Knowing_The_Risk_Of_Gastric_Bypass

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There is more to gastric bypass than merely controlling stomach size. During gastric bypass surgery, a large portion of the patients stomach is stapled together, leaving a tiny pouch.

When you get your gastric bypass surgery you will have a new stomach that only holds about three tablespoons of food at a time. With your stomach pouch reduced to the size of a walnut, you'll need to follow a gastric bypass diet.

The surgeon does not remove any part of the stomach or other tissue while doing the gastric bypass operation. This operation is the most common gastric bypass procedure performed. In another more complicated gastric bypass operation, portions of the stomach are removed. In this more complicated gastric bypass operation, portions of the stomach are removed. This is a relatively complex operation. It is recommended against having it reversed.

Results from long-term follow-up data of gastric bypass surgery show that over a five-year period, patients lost 58% of their excess weight.

Eating sweet or sugary foods promotes "dumping," a reaction which can occur after the gastric bypass operation. Dumping syndrome occurs when the small intestine fills too quickly with undigested food from the stomach, as can happen following gastric bypass surgery.

Other commonly seen complications of gastric bypass surgery include intolerance to some foods, vitamin and mineral deficiency, gallstones, bleeding stomach ulcers, hernia and dehydration. The most important of all, given that gastric bypass patients have a new, tiny stomach to fill is diet.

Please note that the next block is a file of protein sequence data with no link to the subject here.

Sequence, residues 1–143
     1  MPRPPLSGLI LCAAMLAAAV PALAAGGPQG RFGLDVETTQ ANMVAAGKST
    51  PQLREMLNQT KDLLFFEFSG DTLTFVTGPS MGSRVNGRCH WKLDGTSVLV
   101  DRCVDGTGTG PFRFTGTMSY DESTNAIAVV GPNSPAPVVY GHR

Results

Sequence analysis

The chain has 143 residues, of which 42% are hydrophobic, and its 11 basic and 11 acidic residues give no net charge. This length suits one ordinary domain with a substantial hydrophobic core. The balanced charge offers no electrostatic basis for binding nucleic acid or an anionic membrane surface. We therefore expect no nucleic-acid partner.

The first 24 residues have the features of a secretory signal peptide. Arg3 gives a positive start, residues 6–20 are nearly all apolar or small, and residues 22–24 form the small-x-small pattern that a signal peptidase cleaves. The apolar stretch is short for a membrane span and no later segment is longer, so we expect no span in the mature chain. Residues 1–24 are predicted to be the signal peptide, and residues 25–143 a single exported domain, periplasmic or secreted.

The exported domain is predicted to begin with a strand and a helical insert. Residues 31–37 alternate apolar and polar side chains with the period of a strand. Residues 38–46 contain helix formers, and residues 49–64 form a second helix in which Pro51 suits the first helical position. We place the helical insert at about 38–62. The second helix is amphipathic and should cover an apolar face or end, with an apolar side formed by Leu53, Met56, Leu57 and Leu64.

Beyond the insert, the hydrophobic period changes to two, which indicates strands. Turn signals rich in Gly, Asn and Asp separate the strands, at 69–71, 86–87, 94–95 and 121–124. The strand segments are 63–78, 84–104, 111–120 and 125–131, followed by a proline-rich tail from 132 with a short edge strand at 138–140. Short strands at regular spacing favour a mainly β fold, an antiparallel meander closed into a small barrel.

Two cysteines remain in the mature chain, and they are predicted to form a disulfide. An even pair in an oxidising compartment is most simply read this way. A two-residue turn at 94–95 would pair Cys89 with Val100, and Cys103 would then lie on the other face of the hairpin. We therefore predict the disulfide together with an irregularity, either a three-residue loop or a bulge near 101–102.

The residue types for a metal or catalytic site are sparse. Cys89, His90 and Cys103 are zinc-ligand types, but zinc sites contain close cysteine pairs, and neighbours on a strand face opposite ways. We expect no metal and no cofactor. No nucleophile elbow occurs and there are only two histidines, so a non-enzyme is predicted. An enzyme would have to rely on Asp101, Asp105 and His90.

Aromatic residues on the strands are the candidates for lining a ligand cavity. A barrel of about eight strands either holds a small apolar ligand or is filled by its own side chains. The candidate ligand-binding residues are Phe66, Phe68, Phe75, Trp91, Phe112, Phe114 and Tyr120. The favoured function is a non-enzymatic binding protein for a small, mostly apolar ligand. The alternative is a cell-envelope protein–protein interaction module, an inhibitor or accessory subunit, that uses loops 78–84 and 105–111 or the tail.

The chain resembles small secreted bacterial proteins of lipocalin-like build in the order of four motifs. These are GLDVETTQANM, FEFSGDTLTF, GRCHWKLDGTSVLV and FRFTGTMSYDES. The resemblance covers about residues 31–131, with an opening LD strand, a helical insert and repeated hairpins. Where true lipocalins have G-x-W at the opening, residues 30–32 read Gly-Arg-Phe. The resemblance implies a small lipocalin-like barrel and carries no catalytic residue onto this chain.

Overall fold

Another recent problem which is fairly common, especially in menstruating women, after gastric bypass, is anemia. Because many nutrients are not absorbed by the body after gastric bypass, anemia can be a long-term effect. Due to the changes in digestion after gastric bypass surgery, patients may develop such nutritional deficiencies as anemia, osteoporosis, and metabolic bone disease.

The gastric bypass operation reduces the progression and mortality of non-insulin-dependent diabetes mellitus. However, this complication only occurs to a very small degree in the gastric bypass operation. One of biggest advancements in the gastric bypass operation has been the technique used to enter into the abdomen through the laparoscopic approach.

Gastric bypass surgery creates dramatic changes in the size and shape of the stomach. Barely 16 months after gastric bypass surgery, which reduced your stomach to the size of a hard-boiled egg, a patient is able to shed 185 pounds.